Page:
My orientation began at a practice round with Mallon, Betsy King and Barb Thomas three days before the tournament began. My first assignment was to buy a yardage book in the pro shop and get some help deciphering its hieroglyphics. "Twistin' " Bill Williams, a kind man who does a mean Chubby Checker imitation and who carries Dawn Coe's bag, gave me a quick lesson before my mentor for the week, Carl Laib, arrived. Laib works for King, and as a favor to Mallon, he agreed to give me some tips.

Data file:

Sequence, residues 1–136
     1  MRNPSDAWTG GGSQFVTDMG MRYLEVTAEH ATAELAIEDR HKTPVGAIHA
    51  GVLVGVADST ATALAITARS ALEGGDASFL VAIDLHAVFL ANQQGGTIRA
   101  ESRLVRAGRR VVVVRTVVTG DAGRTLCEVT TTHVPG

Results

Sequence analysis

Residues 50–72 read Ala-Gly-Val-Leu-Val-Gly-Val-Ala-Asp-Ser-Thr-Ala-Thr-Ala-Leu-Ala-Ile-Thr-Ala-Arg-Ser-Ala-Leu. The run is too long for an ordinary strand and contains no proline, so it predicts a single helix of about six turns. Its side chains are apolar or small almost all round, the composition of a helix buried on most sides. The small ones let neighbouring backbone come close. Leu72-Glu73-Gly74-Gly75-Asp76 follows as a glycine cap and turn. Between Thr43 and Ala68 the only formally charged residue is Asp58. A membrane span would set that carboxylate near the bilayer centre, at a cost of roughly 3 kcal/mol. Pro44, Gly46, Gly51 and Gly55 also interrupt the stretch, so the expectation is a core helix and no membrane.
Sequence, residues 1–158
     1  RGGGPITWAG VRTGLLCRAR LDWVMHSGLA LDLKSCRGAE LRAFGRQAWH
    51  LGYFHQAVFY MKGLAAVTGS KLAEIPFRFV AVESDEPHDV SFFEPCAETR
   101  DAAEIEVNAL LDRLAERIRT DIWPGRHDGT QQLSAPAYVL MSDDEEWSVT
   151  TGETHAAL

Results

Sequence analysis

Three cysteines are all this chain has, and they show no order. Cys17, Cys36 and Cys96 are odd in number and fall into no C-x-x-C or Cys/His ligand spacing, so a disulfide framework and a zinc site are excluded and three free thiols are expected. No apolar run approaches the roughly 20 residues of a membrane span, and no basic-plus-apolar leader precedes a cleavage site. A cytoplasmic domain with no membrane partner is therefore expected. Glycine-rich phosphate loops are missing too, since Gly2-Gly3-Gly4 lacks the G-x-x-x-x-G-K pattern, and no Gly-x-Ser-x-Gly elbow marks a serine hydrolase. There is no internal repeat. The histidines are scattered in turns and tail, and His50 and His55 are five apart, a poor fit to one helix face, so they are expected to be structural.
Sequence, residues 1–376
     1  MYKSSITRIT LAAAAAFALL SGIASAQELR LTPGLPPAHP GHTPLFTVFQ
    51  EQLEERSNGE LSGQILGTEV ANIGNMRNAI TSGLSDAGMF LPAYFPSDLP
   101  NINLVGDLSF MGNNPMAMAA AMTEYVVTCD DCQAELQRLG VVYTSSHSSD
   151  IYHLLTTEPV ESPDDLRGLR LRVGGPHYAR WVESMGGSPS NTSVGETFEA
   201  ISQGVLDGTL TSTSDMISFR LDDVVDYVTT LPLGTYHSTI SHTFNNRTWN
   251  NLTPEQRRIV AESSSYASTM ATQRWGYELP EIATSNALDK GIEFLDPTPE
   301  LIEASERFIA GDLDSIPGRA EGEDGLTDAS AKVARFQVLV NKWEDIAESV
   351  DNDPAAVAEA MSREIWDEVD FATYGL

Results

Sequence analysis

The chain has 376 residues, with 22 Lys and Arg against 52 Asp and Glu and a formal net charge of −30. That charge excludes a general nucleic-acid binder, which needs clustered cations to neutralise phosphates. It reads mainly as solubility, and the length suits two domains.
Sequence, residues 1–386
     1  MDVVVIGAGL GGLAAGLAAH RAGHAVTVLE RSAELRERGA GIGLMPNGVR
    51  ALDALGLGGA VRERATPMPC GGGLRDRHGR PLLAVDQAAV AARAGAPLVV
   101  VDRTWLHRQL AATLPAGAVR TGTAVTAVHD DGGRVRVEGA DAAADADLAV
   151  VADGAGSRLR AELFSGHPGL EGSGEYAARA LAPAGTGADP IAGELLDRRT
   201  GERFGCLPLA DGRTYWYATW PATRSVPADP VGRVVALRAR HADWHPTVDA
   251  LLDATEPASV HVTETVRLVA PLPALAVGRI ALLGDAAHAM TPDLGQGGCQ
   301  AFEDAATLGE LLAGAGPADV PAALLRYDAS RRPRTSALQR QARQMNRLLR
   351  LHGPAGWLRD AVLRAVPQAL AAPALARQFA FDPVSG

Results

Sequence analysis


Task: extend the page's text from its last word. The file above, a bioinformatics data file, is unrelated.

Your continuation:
Laib's nickname is the Caddie Machine, because he does his job with such precision. The other caddies make fun of his fastidiousness, but King is grateful for it. That week I was, too. I had planned to walk the course with Laib on Monday morning, but he had done it the day before—on Super Bowl Sunday—and already had annotated his yardage book. Next to the yardage figures for each sprinkler noted, for example, he wrote the numbers engraved on the sprinkler heads, so he would be able to identify them faster. He even drew in a few sprinklers the artist had missed. All of this information he eagerly shared with me, so that by the end of the tutorial, my book was virtually a carbon copy of his. "They call me the Machine because I take my job seriously," he said proudly. "A lot of these guys are too lazy to walk the course beforehand. But Betsy depends on me, and I want to have all the right answers when she asks me a question."